This is a very common mistake in butterfly.
A swimmer tends to jump over the water with their arms/hands in freestyle like positions. It almost looks like the butterflier is trying to jump over an invisible obstacle.
The problem with that is that the swimmer again goes too far high out of the water.
Instead, keep your arms straight when they are out of the water and keep your palms facing backward and relaxed from the time they exit the water in the back until they reach the front.
Have you ever seen how Asian street vendors make pancakes? A small ladle of dough is poured on a hotplate and then a wooden or plastic flat stick is used to spread the liquid dough around the hot plate.
Imagine your arms are as the flat stick, they just barely skim on top of the water spreading the dough (with your thumbs almost touching the water). Of course in this analogy, you will not be touching the water like the flat stick touches the dough.
If you bend your elbows on the recovery and have your palms facing downwards, you will miss the pancake dough thus not really spreading it around the hotplate.
You will end up with a small teenie weenie amoeba shaped thick pancake as opposed to nice thin flat and round delicious pancake beauty.
If you wish another analogy, your arms (NOT YOUR BODY) during recovery act like a hovercraft. Nice and flat right on top of the water. With the difference that your palms are facing backward and thumbs down.
If you watch experienced butterfly swimmers very closely, you will see that after a breath their head goes back into the water first, before their arms.
Another most common mistake is for the head to enter the water after the arms are already in the water.
Next time you swim butterfly notice what your head is doing.
Is it late going back into the water with the arms ahead of it in the timing or is it properly leading your body wave into the water?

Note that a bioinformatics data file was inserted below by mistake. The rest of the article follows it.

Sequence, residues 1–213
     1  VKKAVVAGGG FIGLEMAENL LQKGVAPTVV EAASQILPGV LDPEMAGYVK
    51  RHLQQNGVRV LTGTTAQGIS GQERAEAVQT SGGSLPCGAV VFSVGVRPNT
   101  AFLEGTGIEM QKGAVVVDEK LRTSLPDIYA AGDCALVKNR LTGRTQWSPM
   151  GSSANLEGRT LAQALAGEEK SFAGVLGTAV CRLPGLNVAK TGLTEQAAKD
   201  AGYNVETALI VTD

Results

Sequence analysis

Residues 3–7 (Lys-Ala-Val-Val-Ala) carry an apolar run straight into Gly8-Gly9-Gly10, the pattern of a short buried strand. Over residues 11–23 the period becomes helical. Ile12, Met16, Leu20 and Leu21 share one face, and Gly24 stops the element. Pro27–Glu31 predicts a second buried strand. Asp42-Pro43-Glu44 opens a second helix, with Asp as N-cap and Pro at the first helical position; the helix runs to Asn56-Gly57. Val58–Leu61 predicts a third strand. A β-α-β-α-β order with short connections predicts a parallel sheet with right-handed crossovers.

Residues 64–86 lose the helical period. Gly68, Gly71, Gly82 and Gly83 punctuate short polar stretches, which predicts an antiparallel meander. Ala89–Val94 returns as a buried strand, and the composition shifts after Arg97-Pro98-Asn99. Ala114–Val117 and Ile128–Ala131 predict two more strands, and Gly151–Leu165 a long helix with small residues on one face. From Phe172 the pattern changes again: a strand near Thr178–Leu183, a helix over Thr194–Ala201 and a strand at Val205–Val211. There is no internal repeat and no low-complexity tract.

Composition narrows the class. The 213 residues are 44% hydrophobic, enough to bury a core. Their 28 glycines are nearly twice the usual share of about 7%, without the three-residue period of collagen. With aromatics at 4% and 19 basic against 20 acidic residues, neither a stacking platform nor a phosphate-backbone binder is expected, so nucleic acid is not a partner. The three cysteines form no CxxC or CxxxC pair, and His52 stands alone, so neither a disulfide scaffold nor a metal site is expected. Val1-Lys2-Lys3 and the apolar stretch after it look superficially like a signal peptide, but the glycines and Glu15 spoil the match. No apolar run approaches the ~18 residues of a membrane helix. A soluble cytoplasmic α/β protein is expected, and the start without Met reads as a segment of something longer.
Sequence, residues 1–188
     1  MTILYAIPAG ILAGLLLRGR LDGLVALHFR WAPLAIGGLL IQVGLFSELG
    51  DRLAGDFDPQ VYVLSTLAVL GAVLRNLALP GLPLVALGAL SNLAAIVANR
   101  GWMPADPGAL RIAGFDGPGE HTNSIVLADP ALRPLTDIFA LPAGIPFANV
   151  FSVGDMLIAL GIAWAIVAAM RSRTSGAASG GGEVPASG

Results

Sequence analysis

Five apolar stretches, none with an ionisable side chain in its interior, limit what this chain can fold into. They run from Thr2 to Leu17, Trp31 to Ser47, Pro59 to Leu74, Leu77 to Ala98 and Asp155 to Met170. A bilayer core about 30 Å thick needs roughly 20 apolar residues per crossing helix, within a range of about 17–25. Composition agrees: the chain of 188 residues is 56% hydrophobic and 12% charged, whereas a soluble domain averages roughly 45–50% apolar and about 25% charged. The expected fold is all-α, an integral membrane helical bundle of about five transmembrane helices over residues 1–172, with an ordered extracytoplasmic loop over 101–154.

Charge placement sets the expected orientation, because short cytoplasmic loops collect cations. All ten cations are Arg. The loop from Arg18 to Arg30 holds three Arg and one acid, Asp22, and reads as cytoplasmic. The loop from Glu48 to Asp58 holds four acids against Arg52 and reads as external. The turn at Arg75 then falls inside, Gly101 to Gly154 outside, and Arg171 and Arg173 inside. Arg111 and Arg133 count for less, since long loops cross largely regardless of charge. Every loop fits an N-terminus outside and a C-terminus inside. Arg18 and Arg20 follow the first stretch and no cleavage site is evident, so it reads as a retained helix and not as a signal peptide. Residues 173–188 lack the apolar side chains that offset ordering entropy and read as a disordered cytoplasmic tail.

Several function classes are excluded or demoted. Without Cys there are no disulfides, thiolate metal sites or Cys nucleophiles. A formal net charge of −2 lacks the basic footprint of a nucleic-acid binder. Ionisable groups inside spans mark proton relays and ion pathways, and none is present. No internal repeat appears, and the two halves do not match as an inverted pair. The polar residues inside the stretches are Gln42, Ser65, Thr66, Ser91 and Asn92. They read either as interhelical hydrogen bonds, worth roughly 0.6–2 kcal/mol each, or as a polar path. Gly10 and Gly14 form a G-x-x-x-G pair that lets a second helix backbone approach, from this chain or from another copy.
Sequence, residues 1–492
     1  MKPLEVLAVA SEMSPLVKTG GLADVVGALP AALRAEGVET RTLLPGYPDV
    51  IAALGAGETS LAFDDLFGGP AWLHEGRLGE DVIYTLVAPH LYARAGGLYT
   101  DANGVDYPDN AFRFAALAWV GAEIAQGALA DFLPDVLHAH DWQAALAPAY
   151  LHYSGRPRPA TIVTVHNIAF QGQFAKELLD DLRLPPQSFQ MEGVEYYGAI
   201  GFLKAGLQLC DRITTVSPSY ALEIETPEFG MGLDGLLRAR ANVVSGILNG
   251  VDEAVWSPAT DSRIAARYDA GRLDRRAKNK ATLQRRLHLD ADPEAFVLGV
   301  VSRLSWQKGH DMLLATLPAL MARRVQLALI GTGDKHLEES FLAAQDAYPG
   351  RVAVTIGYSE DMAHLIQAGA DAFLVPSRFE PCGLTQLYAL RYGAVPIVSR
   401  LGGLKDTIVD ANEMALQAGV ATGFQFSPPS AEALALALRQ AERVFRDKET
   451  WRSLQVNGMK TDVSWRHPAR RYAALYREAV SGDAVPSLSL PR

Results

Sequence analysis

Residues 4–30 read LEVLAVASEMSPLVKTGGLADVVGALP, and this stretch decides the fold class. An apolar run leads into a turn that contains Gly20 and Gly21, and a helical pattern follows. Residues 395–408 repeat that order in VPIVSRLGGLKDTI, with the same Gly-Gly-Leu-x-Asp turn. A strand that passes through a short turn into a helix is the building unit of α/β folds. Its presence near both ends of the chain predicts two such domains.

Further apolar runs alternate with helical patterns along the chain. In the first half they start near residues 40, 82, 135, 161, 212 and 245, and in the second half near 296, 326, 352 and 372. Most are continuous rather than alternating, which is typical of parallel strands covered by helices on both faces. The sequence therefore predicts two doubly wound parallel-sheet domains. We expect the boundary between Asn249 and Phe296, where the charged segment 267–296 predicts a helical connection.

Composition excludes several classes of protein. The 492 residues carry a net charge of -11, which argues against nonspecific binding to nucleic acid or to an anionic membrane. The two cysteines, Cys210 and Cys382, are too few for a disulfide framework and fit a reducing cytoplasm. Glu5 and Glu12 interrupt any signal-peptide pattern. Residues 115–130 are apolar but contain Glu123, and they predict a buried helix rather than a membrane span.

So think of it terms of head first, then arms.
This rule actually goes along the full stroke as well. You should always think that your head is doing what your arms will do next, so the head is leading the way for the arms.
This problem is not as hard to fix as you might think.
You can start by making sure you exhale your air while still underwater, so all you have to do is inhale when your head is above the water. This will make the time for taking a breath smaller.
The timing of a butterfly kick is for another post, but what I’d like to stress is that your knees are not to be overtly bent when you kick during the butterfly stroke.
I see it over and over where when a swimmer goes for a breath, they totally bend their knees, drive their hips forward and then when a breath is taken they again dive deep under the water.
The tip here goes along the same lines as above. You do not want to go up and down in butterfly with a very high amplitude.
Your oscillation (up and down movement) should be very small and right at the surface, this will help you minimize the drag.
If you bend your knees a lot during the kick, you will end up in almost a vertical position with your chest sticking out of the water and your hips driving forward.
This is no good :).
To help you with the knee bend, I’ve covered the shinfin™ leg fins in my previous post.
These are great to help you with getting your kick to start in your hip and not in your knees.
So next time you swim butterfly, think of some of these pointers above.
Are you making it harder for yourself than it actually is? Stay tuned for more tips to come.